Here are a couple of “buffet style” questions you can use as examples:

  • Will you all benefit from a break from the rigor and tension of homeschooling this year? Or this semester?
  • Is there an online charter school that allows your child to shine in the sciences enough to offset their struggle with your home district’s required Language Arts class?
  • Can you craft a different schedule at the high school than the guidance counselors recommend to lighten your student’s load for this year?

Again, transferring your student in and out of multiple schools can mean a lot of paperwork. But when you prioritize your child’s need to feel successful, the paperwork load might be worth it. No one can weigh that out for you, but it is worth considering these questions.

Talk with other experienced parents.

The decision to switch schools – or not – shouldn’t be made lightly. In addition to considering these questions that might help you cobble together a solution, get some wise counsel. Look around for parents in your circles who have had various school experiences. Inquire about their reasons for changing, and pick their brains about their options. Be willing to listen to what worked and what didn’t when finding the right path for their student. Our online community often shares experiences and challenges they’ve faced around school issues if you need a place to connect!

4 Signs That It’s Time to Change Schools

It can be agonizing to figure out when it’s time to leave your current school. In a classic podcast, Dawn Davenport and Heather T. Forbes, LCSW, shared four signs that it’s time for a child with learning differences to change schools. These signs are based on their combined years of experience as parents of kids who struggled with school – and years of taking advantage of the varied options that their communities offered parents and students.

1. Listen to your gut.

Do you dread picking your child up from school? Are you ready to scream every time you get *another* note from their teacher? Is your heart breaking for your child’s struggles on a near-daily basis?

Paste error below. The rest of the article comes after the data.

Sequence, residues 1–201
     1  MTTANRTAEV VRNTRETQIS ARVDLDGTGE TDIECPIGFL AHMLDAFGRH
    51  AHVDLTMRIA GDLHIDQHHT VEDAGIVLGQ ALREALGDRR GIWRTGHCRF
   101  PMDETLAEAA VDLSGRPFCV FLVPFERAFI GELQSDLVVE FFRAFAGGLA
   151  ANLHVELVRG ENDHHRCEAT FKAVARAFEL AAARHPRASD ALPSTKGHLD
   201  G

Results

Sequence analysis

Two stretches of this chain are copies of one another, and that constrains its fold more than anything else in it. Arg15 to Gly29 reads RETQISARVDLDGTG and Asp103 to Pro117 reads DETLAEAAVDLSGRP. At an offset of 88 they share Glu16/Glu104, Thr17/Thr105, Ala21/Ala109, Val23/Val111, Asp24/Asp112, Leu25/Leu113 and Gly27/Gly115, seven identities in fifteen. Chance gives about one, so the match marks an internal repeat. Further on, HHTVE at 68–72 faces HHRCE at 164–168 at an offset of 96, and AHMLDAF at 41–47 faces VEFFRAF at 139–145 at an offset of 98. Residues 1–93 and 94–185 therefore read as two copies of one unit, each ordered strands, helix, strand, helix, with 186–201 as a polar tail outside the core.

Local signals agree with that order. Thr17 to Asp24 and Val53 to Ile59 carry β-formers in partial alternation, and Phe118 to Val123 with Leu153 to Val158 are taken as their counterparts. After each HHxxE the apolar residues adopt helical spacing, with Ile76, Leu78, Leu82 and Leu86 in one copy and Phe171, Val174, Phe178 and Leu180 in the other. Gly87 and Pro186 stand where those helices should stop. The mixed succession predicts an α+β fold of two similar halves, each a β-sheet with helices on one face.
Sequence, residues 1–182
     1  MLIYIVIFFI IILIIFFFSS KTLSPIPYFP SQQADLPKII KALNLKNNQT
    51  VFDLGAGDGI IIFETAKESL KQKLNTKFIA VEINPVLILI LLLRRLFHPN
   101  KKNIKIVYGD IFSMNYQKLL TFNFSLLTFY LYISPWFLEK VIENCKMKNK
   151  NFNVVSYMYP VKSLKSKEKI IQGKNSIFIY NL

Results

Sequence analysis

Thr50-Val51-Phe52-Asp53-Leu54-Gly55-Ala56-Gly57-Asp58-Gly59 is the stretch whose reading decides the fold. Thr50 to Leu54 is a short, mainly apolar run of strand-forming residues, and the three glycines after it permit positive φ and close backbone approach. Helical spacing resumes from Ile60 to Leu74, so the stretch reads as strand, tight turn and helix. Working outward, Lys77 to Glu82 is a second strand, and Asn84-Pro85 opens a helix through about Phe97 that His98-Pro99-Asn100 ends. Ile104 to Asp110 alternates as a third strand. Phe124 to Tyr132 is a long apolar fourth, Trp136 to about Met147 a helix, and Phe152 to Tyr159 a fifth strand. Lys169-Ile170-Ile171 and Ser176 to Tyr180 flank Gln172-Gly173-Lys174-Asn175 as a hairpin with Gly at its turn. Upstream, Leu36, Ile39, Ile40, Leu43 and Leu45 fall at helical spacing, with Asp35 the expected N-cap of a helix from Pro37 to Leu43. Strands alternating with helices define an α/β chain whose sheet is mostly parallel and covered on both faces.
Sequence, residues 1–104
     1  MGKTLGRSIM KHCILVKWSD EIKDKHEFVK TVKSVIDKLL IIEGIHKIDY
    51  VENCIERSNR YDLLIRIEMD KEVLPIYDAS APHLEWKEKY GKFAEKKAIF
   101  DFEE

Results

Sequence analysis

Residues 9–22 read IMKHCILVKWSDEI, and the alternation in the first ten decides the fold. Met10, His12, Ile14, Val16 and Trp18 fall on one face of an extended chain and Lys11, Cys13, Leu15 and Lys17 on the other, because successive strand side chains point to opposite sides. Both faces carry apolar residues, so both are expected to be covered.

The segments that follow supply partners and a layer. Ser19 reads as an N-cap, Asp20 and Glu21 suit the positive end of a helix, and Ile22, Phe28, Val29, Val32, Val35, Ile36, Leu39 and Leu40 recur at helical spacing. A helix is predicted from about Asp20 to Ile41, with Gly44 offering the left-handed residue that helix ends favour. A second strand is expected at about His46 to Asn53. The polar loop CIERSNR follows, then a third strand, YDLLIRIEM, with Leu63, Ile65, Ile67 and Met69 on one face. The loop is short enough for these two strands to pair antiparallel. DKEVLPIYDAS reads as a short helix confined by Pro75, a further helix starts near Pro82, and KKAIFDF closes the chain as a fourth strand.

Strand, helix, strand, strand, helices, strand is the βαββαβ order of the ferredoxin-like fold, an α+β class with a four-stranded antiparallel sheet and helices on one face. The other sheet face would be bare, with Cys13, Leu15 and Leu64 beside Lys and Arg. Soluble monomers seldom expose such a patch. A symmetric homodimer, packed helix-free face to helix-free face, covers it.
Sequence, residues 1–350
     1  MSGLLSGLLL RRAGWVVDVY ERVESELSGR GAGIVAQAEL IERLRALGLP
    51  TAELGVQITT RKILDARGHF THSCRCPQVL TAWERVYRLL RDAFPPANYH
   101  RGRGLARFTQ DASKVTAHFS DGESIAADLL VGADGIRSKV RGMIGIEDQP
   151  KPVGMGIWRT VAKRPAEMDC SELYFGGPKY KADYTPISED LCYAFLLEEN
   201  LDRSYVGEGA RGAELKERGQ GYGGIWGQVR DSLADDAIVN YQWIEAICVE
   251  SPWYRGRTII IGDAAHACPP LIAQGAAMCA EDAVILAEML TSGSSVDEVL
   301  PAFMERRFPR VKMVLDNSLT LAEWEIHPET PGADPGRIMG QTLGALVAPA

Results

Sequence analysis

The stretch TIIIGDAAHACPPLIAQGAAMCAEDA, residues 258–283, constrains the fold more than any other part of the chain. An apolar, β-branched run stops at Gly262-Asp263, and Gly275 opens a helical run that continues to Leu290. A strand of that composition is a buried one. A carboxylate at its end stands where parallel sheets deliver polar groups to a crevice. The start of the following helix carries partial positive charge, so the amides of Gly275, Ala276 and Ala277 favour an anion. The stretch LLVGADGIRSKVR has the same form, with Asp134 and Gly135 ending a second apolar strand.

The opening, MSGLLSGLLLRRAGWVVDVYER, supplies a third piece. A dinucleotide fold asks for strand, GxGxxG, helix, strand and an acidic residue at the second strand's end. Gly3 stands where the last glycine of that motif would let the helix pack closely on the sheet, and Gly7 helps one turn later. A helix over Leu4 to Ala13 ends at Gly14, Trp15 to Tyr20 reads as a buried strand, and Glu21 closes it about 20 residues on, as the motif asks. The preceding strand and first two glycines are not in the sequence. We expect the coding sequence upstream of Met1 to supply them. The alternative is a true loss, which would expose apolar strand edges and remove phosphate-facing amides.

2. Listen to your child.

But don’t just rely on their words. Kids often speak louder with their actions than words – especially if they are struggling or unsure how their words are being received. Please pay attention to their behavior and emotions. Is your child miserable? Do they hate school? Can they hold it together in school but fall completely apart when they get home?

3. Listen to the school.

Are the teachers and administrators willing to work with you to help your child? Does the teacher seem to dislike them or express impatience with their struggles? Is the school open to learning what you’ve done that helps your child? Do they instead try to make your child fit their model of how a student learns? If you’ve had educational testing, do the results accurately reflect your child’s abilities and challenges?

This FREE guide is full of helpful information for families like yours!

4. Put your family first.

Do your child’s school issues interfere significantly with your family life? Does your child have time for after-school play or extracurricular activities? Do homework battles suck the joy out of parenting? Has the tension seeped into your relationship with your child, impacting your ability to enjoy your child’s unique preciousness?

We’d love to hear from you on this issue! What are you facing with your child’s current school experience? How are you handling the situation?

Image Credits: Mikhail Nilov; Keira Burton; RDNE Stock project